img-rotate img-rotate
Home » Attract Love

Attract Love

Introduction to Attract Love, Intimacy & Money: Use Your Mind to Get What You Want

I have written this book to help you change your life and your relationships as rapidly as possible. This book is based on the lessons I have learned, most of them the hard way.   My book is the guide I wish someone had given me more than thirty years ago.  I would not have had to make so many mistakes.

I had to learn to stop keeping score, for example, and to stop blaming and instead be totally self-responsible.  I had to learn to change myself instead of trying to change my partner, or anyone else.  When we do change for the better we attract our partner and others to want to change like we have.  We don’t change them by trying to change them.  Like all of us they resist.

Let me give you a quick example.   Dave and Jen consulted me because their relationship was deteriorating.

Dave complained: “I can’t make Jen happy.  No matter how hard I try she’s unhappy.  In fact, the harder I try the unhappier she gets!”

“You’re right,” I said,  “you can’t make Jen happy.  It’s not your job.  You can’t make another person happy no matter how much you love them.  Abe Lincoln wisely observed, ‘Most people are as happy as they make up their minds to be.'”

“You mean it’s up to Jen to choose to be happy?” Dave asked.

“Yes,” I replied,  “Happiness is a choice.  Each of us chooses for ourselves.  We make the choice to be happy regardless of conditions and circumstances, not because of them.”

Dave got it.  He stopped trying to make Jen happy.

Guess what happened?  Jen got happier!  What’s more, she thanked Dave for respecting her to be in charge of her own moods.

Dave and Jen are an example of how our dysfunctional beliefs get us into power struggles and cripple our relationships.  When we understand our mistaken mindsets we can change our marriages quickly.

Buy the book and begin to change now.

 

 

Chapter Review

If you have a partner and you decide to work together with this book and make your work a joint project, it will benefit you both and usually speed up changes in your relationship. You may still proceed at different speeds, and you will inevitably work in different ways just because you are two different people.

Some of you may decide it would work best for you to share your work with a good friend, someone with whom you feel safe and who may want to share their work with you too. It’s helpful to share your new awareness with someone you trust. You gain the benefit of added input from another person’s perspective. Another possibility is to do this work with a coach who will assist you by following up on the questions at the end of each chapter and will support you in your growth. Some people may choose to seek a therapist for this process and that works too.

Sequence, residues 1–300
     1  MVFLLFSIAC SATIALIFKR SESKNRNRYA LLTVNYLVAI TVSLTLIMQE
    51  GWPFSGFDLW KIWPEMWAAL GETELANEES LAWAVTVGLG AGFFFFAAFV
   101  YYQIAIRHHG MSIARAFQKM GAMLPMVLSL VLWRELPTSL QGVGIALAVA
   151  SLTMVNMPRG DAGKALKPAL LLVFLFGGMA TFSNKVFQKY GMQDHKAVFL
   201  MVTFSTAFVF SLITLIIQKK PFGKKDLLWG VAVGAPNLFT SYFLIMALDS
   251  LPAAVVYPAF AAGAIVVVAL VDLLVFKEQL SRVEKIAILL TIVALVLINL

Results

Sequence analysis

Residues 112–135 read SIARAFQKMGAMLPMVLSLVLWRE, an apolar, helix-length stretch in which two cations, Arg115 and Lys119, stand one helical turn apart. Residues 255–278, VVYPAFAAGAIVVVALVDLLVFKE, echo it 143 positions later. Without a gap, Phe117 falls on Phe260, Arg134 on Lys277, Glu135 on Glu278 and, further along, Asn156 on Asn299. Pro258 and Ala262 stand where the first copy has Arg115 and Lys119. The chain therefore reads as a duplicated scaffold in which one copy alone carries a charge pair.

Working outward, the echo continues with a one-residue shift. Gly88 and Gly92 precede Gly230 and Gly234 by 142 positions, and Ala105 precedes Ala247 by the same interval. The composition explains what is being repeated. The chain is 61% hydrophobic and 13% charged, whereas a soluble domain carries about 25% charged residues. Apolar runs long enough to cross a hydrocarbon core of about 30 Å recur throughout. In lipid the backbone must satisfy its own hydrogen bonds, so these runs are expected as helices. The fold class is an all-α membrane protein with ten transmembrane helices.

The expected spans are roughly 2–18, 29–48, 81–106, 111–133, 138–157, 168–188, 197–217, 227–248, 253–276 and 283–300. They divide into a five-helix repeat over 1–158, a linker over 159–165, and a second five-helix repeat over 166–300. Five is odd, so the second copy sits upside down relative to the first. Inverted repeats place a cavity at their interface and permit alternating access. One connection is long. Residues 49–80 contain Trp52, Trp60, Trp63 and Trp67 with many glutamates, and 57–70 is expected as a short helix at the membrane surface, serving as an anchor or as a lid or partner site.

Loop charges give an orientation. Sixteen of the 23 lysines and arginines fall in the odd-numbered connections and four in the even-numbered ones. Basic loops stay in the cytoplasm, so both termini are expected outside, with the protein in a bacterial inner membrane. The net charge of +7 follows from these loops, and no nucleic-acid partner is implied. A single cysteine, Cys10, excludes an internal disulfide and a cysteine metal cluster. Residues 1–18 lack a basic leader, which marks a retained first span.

It can also be helpful to form a small group. Generally I recommend eight people maximum. In such a group, people work together for the benefit of each member, and the shared intelligence of the group contributes to each person’s growth. You need to follow whichever of these ways works best for you, something only you will know. No matter which approach you choose, something exciting will happen in your life and in your relationships.

 

Being Sensitive to Criticism:

I have become aware of my excessive sensitivity to criticism. In the past, I would allow one critical remark to cancel ten compliments. Occasionally, it struck me there was something decidedly irrational in my placing so much more weight on criticism than on praise. My thinking was skewed. I even believed that whoever was criticizing me was expressing truth, whereas those who were praising me were just trying to make me feel good.

I related my thinking to my parents’ model for raising children, which was to use criticism as a method to prod me and my siblings toward perfection. They were stingy with their praise. I grew up trying to please them by doing everything right just to avoid criticism. When I was criticized, I took it to heart. Now, when I reflect on this behavior, I realize it would have been much better for me had I just reversed my internal process by putting ten times more weight on each compliment than on one criticism ! While growing up, I was unable to do that.

From the beginning of my relationship with Mary Elizabeth, I felt her approval, which made me feel good about myself. I found her outgoing, sunny disposition and her laughter infectiously affirming. However, I did not recognize that subconsciously, I began to expect her to make me feel approving of myself. Her good opinion flowed into and over me and made me feel so supported, that I was oblivious to how much I expected her to help me achieve those good feelings on a regular basis. I’m not likely the only person who has harbored such expectations of a spouse, but it required an inner search on my part to realize not only that I had this expectation, but that it also had a cost. The cost was the pain I felt when the two of us were out of sorts, and I did not feel her approval.